Harald Mix donates to research into new ovarian cancer treatment
Ovarian cancer is the most serious of all gynaecological cancers. Jonas Mattsson, adjunct professor at the Department of Oncology-Pathology, KI, has received a donation for research into producing a new method of treatment.
Ovarian cancer is currently treated with a combination of surgery and chemotherapy, but being symptomless it is discovered at a late stage in 90 per cent of cases.
- It is a terrible disease, the deadliest of all gynaecological cancers, so clearly new therapeutic options are needed, says Professor Mattsson, who is also active at the haematological clinical at Oslo’s Rikshospitalet and in clinical immunology at Karolinska University Hospital.
Harald Mix, CEO of the venture capital firm Altor Equity Partners, is now donating SEK 3 million to help Professor Mattsson’s research group study an immunological therapy to cure or arrest advanced ovarian cancer.
- Hopefully the team can produce a therapy that not only prolongs life but also actually cures this form of cancer, which has an extremely negative prognosis, says Harald Mix. - The technique can raise the hopes of many seriously ill women. The research is also a good example of how international research exchanges can create greater resources.
Harald Mix came into contact with Jonas Mattsson at just the right time.
- I was reading about the latest developments in immunology and cancer research when I met Jonas Mattson, who is a top-level scientist and humanist. What he was wanting to do sounded incredibly hopeful. The method has had a revolutionary effect on previously incurable types of blood cancer and some positive effects on solid tumours as well, says Mix.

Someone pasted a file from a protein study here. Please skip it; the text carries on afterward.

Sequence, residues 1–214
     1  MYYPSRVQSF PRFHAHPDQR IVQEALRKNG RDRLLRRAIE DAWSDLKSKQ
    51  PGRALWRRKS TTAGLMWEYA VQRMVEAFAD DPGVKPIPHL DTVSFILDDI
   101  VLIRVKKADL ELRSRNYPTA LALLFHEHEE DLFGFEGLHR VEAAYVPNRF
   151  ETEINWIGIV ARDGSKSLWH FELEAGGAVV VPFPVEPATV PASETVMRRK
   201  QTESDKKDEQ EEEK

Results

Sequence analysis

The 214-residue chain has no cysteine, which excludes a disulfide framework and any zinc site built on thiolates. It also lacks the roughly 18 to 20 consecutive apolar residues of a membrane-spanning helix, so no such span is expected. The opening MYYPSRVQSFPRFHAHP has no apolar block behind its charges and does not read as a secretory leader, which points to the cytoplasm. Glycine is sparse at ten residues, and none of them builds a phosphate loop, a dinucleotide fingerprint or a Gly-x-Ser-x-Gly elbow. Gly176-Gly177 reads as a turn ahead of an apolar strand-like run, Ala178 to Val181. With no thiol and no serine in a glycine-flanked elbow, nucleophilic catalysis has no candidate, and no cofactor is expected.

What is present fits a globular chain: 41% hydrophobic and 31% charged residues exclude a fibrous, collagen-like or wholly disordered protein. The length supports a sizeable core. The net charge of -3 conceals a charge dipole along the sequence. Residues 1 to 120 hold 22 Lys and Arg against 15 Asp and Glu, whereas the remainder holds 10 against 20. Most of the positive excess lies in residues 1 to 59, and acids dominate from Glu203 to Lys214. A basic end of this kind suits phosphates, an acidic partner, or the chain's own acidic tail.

What makes you want to support research?
- Research and education is very close to my and my wife’s hearts. I studied for a decade in the US and the American philanthropic tradition, the spirit of giving back to society, made a great impression on me. I also know that there’s a shortage of funding for this kind of early research.
- The method involves genetically creating CAR (chimeric antigen receptor) T cells, which attack the cancer cells, explains Professor Mattsson.
CAR T cells are killer cells. They have an antibody on their surface that acts as an anchor. Once they have bound to the protein on the cancer cells they can then kill them.
The donation will be used for lab studies and experimental studies of the method.
- The donation is a crucial one. Our studies will show if the method has an effect on the cancer cells and lacks serious adverse reactions when used for ovarian cancer, says Professor Mattsson.
It is hoped that a study on patients will be possible within 2 or 3 years.
The research is being conducted in collaboration with Michel Sadelain’s group at Memorial Sloan Kettering in the USA, who are world leaders in CAR T-cell therapy and studying, amongst other things, its effect on serious breast and lung cancer.
Text by: Ann Patmalnieks